An Individual Call

Answer for Teachers
Answer Teachers Unit 08 - Pardoned, Prepared, and Powerful

TEXT: Acts 10:1-48; Romans 10:12-13


The students will be able to explain some of the miraculous ways the Holy Spirit enlightens people to their spiritual needs.


Peter was an outstanding leader in the early days of the Church. He was the author of two Epistles, First and Second Peter. This was his second journey from Jerusalem (Acts 9:32; 11:2).

This particular outpouring of the Holy Ghost happened about A.D. 40. Up to this time the Gospel had been preached only to the Jews, Samaritans who observed the Law of Moses, and converts to Judaism, known as proselytes. The Apostles seemed to think that the Gentiles had to be circumcised before they could be accepted into the Church. However, God soon made it plain that the Gospel message was for all men.

Caesarea was a city which was built at a vast cost between 25-13 B.C. by Herod the Great. It was named in honor of his patron, Augustus Caesar. It was the official residence of the Herodian kings and of Felix, Festus, and the other Roman procurators of Judea. This seacoast city was situated on the line of the great road from Tyre to Egypt, approximately seventy miles northwest of Jerusalem. A wall, some 200 feet wide and standing in 120 feet of water, formed the backside of the harbor. It was made of enormous blocks of limestone, some of them 50 feet by 10 feet in size.

The Italian band was a cohort of Roman soldiers stationed in Caesarea. The Roman army was divided into legions, the number varied from three thousand to six thousand. A legion was subdivided into ten cohorts (or bands), the cohort into three maniples, and the maniple into two centuries containing, originally, one hundred men. In addition to the legionary cohorts, independent cohorts of volunteers served under the Roman standards. One of these cohorts was named the Italian.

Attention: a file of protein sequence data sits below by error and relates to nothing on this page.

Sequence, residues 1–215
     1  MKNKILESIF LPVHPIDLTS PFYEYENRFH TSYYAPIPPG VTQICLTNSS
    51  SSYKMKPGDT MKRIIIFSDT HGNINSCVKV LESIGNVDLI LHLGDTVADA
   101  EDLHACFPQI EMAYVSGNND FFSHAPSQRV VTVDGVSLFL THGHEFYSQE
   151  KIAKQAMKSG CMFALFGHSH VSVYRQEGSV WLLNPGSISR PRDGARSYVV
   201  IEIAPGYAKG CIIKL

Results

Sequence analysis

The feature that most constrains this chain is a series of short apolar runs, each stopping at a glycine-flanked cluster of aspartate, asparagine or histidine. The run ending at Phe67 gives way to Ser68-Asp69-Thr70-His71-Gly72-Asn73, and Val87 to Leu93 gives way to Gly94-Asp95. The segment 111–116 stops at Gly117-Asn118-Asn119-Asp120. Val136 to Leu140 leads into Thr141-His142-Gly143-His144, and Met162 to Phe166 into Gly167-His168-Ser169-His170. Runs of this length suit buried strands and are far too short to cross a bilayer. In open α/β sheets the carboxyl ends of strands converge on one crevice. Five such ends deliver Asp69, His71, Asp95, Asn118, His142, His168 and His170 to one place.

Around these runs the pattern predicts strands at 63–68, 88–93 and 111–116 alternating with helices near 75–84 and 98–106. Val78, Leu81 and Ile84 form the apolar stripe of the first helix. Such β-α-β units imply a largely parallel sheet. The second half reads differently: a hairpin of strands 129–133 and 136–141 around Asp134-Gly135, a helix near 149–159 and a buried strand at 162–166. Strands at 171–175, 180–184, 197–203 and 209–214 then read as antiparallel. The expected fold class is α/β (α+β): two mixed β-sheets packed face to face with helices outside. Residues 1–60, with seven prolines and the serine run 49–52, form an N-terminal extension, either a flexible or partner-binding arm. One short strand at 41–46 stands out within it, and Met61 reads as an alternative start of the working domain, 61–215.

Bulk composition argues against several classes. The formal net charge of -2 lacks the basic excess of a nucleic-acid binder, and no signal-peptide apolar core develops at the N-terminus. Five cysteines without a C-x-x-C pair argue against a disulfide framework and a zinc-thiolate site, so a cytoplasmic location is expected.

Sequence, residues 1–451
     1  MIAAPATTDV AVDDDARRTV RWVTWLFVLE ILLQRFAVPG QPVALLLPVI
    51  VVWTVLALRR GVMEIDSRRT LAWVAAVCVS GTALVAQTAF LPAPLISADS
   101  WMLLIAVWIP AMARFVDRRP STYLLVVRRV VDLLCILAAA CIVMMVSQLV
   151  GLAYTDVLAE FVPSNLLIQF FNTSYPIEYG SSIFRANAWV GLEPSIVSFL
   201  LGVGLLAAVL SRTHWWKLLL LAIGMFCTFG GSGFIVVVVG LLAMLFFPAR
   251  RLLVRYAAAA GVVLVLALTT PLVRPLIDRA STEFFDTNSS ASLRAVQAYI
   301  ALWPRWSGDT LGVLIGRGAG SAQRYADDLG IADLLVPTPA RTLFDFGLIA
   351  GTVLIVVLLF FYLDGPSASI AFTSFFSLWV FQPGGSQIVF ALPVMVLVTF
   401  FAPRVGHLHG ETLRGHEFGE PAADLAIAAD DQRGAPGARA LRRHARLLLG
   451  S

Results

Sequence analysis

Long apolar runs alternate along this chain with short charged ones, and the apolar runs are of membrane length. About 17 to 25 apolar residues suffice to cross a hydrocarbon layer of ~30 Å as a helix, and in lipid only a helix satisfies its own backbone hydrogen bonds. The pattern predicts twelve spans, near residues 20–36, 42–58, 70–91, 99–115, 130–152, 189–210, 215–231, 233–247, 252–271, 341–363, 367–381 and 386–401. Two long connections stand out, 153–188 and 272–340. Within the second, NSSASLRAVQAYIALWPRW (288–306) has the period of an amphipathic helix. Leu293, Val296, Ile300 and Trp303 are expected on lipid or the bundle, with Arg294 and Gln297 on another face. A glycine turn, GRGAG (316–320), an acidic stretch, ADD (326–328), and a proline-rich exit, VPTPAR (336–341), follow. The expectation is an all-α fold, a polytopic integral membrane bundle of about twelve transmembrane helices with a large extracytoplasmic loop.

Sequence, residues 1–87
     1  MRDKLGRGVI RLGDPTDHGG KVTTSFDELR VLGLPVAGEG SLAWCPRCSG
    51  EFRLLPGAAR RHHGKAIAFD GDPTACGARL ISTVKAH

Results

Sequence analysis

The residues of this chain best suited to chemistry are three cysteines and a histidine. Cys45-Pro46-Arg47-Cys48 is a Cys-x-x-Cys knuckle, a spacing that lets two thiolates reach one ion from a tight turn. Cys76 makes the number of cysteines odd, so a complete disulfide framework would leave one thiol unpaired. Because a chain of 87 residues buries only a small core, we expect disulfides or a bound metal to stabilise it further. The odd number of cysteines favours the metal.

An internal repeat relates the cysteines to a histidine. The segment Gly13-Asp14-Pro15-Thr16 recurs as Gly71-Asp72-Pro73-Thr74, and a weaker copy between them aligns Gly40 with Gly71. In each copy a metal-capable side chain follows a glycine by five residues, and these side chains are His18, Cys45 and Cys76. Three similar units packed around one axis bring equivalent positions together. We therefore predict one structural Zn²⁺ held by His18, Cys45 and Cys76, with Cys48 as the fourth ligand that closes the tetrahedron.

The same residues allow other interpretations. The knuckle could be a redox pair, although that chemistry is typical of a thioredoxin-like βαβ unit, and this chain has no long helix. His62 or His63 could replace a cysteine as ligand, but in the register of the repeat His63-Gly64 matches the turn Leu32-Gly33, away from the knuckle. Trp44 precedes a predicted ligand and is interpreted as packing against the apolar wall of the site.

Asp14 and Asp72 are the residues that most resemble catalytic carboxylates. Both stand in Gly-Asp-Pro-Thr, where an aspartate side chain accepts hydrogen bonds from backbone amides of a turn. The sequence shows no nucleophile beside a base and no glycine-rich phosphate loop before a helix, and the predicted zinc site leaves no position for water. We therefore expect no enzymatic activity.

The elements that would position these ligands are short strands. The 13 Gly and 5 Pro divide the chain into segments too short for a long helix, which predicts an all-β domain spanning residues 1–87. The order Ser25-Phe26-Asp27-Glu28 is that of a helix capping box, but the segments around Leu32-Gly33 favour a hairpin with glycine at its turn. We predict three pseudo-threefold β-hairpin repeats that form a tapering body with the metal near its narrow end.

Joppa is a Mediterranean seaport town thirty-five miles northwest of Jerusalem. Timbers cut in Lebanon were floated from Tyre to Joppa for the building of Solomon’s Temple (2 Chronicles 2:16), and also for the building of the second Temple (Ezra 3:7). Hence, it became the port of Jerusalem in the days of Solomon. Jonah boarded a ship at Joppa when fleeing from God. Today Joppa is known as Jaffa.


Up to this time the Gospel had been preached only to the Jews, Samaritans who observed the Law of Moses, and converts to Judaism. The Apostles seemed to think that the Gentiles had to be circumcised before they could be accepted into the Church. However, God soon made it plain that the Gospel message was to all men. In this lesson we learn that, by an extraordinary series of events, an orthodox Jew is witnessing to a Roman centurion. It was God's divine orchestration that caused this unusual occurrence.

  1. What spiritual attributes did Cornelius, the Roman centurion, exhibit that caused God to take note of his life (Acts 10:2)? What conclusions can be drawn about the type of person this man was?

    Response: Your students should see that Cornelius feared God and taught his family to fear God. He helped the unfortunate and prayed to God continually. We can conclude by these facts that Cornelius was a very unusual Roman centurion. He was evidently in direct contact with God, and therefore in a position that God could bless him.
  2. Peter had a vision of a sheet which was let down from Heaven. In the sheet were all kinds of animals that were considered by the Jews to be unclean, but God revealed to Peter that they had been cleansed. God used this to open his understanding that the Gentiles were to be full beneficiaries of God's graces. Why is this revelation of such great importance to us?

    Response: Discussion with your class should bring out that this revelation is important to us as Gentiles, because it assures us that we, too, can be partakers of the blessings of the Holy Spirit, as well as the Jews of that day.
  3. We see the moving of the Holy Spirit throughout this entire account. He moved in Cornelius' house in Caesarea, and then at the house in which Peter was staying in Joppa—He instructed Cornelius to send for Peter, and told Peter to return with Cornelius' servants. What is the limit to which God will go to reach a hungry soul? Relate an experience in your own life or in the life of an acquaintance wherein the Holy Spirit has worked in a special way in this regard.